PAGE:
With the United States now officially in a recession, Barack Obama may set the stage for U.S. economic policy toward China “less confrontationally” than presidents have done before him, according to Bloomberg:
Resolving almost any international problem now — from reducing North Korea’s potential nuclear threat to slowing global warming — requires Beijing’s cooperation. The financial crisis also underscores China’s importance: Its $1.9 trillion in foreign reserves will be indispensable in helping to avert a global economic meltdown.
While this means China will likely get immediate attention from Obama, the new president probably won’t reorient U.S. policy toward the world’s fourth-largest economy.
Factory closures and job losses in Michigan and China’s Guangdong province “vividly remind us how interdependent our countries are now,” says Susan Shirk, a former deputy assistant secretary of state for China who has advised both Obama and Hillary Clinton his choice for secretary of state. “Although this could lead to conflict and friction, it also gives the U.S. a strong incentive to cooperate with China.”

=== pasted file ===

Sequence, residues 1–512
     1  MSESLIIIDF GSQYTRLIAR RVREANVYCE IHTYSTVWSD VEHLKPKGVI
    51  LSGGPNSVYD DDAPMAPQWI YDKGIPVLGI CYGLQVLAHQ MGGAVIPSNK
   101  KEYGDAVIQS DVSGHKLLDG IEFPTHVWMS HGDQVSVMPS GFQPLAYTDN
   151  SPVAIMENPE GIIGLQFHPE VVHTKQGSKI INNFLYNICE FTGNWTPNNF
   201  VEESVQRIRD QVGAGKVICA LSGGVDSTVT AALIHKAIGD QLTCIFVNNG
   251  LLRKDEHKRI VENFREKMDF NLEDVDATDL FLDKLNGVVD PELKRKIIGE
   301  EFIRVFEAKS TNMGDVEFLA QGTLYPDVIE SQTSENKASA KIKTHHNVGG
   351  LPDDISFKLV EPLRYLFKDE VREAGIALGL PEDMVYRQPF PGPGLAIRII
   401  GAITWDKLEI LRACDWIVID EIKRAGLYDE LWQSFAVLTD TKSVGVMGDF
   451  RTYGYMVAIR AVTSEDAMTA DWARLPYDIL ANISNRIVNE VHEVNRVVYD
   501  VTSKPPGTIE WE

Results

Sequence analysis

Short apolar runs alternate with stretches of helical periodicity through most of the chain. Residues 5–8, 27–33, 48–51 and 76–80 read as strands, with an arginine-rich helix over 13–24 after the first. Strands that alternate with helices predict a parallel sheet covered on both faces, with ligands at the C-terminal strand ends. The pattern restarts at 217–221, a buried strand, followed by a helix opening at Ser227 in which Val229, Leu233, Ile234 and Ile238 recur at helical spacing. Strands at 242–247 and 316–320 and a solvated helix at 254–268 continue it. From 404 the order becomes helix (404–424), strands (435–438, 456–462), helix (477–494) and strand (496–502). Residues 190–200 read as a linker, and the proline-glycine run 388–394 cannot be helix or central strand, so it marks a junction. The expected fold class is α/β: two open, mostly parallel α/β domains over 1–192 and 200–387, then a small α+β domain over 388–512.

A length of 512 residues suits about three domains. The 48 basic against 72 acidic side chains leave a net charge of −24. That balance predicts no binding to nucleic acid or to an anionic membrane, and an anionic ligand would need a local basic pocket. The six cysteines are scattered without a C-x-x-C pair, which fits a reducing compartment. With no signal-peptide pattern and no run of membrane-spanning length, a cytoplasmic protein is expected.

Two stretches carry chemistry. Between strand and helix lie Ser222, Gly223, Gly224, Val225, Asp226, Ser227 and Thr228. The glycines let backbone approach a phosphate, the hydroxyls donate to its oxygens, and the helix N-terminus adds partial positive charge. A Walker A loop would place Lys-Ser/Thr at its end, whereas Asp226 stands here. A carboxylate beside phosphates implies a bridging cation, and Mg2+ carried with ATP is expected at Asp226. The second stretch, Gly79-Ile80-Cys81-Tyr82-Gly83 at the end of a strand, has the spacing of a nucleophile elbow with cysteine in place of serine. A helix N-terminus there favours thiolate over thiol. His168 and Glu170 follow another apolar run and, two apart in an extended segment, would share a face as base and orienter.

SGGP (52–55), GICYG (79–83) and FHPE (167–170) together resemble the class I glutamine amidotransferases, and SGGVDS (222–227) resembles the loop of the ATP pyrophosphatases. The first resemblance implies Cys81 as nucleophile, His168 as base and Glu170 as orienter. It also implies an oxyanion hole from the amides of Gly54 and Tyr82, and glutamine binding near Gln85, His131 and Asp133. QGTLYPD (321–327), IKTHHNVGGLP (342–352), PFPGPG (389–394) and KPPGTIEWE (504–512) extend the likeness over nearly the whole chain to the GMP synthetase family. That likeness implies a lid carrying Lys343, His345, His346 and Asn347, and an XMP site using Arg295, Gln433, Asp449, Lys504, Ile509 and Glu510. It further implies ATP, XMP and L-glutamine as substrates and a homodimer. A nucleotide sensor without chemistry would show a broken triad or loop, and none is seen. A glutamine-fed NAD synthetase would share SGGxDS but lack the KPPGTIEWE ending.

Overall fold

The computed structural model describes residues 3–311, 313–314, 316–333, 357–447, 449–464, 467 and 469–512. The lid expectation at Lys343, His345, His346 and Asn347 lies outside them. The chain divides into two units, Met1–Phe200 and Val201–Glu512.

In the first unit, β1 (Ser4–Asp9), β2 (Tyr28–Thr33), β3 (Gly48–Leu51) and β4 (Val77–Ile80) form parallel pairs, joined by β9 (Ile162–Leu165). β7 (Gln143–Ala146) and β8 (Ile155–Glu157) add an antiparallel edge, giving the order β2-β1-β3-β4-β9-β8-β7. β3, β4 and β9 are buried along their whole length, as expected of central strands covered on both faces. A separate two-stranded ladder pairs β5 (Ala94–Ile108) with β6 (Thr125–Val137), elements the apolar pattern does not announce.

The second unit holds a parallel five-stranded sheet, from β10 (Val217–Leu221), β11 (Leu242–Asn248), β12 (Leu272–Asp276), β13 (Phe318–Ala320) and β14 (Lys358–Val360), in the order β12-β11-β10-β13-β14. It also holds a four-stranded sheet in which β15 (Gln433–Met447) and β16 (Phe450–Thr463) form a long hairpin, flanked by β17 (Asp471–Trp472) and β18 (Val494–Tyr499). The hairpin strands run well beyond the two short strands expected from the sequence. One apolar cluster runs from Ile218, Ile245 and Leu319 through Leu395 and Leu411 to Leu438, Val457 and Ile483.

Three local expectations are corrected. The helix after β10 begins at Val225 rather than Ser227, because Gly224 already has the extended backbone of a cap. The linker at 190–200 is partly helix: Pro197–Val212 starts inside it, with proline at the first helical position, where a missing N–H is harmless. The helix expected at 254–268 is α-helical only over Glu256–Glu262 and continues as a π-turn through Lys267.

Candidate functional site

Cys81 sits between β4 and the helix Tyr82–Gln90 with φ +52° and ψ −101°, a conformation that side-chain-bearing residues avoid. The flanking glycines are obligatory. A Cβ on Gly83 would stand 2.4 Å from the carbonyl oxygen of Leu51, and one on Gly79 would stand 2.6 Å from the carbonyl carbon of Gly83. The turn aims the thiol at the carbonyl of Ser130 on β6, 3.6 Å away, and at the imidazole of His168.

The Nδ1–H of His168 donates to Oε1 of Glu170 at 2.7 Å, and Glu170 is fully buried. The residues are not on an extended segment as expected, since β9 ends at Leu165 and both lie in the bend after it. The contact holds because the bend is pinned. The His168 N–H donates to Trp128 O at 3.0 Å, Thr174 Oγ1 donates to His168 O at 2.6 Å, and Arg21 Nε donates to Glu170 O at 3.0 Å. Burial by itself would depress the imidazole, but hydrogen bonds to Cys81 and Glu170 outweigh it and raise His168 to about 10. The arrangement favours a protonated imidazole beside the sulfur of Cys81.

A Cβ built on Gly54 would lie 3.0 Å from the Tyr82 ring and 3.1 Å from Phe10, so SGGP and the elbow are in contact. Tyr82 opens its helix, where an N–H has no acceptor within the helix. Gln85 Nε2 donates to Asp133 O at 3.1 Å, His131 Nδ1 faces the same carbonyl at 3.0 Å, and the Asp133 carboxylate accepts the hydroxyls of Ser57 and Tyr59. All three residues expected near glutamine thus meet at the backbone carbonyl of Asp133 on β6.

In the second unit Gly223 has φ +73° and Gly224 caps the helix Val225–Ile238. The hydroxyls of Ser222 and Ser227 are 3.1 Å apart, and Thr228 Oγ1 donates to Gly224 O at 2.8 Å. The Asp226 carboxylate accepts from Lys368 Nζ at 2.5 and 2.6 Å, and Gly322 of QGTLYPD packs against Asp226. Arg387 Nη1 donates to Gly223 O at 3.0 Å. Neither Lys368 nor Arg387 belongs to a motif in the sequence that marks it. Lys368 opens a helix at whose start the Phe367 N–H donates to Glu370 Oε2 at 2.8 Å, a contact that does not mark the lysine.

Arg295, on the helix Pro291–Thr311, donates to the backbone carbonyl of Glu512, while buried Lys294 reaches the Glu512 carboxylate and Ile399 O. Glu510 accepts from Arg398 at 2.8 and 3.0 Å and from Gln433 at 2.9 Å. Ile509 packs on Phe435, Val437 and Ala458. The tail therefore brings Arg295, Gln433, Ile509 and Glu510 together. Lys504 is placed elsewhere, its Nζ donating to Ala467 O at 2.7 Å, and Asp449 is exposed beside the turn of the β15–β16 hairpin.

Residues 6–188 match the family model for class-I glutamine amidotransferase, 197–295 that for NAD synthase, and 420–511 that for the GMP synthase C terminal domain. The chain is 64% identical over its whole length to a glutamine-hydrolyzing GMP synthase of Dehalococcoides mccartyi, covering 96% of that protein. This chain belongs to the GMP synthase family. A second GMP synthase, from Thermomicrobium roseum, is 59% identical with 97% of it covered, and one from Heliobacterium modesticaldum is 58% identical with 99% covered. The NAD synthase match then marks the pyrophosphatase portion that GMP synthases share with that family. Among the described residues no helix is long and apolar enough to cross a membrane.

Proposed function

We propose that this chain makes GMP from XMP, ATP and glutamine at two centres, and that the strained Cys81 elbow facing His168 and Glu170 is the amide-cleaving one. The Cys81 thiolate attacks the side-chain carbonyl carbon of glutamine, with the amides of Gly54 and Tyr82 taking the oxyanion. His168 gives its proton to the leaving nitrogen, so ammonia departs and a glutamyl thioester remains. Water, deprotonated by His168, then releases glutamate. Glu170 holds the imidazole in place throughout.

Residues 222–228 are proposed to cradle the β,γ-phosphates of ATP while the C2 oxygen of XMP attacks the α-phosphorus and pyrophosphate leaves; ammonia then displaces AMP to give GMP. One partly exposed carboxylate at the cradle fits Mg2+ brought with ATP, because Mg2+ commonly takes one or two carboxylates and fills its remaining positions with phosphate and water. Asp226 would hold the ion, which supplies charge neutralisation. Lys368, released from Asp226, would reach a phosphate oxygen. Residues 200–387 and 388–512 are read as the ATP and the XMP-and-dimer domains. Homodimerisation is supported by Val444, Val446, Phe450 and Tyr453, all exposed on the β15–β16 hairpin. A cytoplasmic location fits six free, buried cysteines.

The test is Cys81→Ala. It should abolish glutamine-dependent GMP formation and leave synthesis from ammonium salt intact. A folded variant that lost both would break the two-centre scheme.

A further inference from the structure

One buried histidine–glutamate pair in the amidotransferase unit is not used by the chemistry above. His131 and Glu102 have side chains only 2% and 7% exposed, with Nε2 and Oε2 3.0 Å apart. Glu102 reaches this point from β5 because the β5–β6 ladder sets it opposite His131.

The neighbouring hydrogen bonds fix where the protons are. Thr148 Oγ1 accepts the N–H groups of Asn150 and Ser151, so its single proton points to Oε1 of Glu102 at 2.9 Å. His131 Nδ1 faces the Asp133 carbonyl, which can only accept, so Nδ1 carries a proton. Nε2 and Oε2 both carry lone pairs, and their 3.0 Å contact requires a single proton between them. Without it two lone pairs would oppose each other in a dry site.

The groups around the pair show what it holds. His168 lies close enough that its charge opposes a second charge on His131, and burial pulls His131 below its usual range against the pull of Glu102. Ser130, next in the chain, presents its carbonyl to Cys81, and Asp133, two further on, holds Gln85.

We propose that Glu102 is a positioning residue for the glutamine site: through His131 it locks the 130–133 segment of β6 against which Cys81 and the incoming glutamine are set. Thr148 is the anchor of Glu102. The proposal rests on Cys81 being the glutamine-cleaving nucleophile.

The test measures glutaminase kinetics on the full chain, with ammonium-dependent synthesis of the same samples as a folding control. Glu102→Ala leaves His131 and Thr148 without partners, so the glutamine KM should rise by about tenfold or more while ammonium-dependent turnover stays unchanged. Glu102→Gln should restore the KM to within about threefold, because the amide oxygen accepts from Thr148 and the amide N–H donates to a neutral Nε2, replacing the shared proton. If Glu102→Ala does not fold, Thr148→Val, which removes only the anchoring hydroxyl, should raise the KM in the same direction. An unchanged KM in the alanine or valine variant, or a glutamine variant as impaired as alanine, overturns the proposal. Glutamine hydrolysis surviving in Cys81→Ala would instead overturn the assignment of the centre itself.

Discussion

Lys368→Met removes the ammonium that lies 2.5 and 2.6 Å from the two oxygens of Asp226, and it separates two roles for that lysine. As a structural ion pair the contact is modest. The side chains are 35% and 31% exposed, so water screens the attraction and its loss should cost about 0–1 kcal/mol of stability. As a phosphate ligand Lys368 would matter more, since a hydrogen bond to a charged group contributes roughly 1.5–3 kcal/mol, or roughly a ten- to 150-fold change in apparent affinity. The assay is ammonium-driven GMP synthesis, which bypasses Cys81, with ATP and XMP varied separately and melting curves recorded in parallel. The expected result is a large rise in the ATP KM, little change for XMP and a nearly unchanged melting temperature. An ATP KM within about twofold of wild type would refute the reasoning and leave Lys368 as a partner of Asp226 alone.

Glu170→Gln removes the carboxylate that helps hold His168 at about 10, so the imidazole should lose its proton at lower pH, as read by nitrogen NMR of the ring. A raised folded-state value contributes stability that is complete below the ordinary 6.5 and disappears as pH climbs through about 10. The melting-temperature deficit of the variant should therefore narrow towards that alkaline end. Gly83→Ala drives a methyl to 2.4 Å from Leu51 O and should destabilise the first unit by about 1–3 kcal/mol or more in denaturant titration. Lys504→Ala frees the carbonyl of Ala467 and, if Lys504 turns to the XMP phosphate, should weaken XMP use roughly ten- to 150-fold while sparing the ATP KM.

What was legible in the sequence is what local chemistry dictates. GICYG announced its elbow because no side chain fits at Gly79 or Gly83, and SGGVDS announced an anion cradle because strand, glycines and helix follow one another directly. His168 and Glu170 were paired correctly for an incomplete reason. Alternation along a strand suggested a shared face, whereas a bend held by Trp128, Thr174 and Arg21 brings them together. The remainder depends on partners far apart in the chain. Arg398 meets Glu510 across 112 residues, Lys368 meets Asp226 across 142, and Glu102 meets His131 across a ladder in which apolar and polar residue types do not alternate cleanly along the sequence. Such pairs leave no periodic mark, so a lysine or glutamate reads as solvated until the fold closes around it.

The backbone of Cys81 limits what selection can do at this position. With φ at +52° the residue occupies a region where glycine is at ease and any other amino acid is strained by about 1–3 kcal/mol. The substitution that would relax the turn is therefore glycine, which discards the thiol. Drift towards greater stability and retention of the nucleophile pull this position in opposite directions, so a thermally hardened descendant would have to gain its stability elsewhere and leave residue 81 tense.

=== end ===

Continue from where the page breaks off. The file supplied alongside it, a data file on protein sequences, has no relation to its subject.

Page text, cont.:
Every president since Carter has come to office lambasting Beijing about espionage, unfair trade practices, violations of human rights and threats to Taiwan — before being compelled to work with the Chinese government on common interests.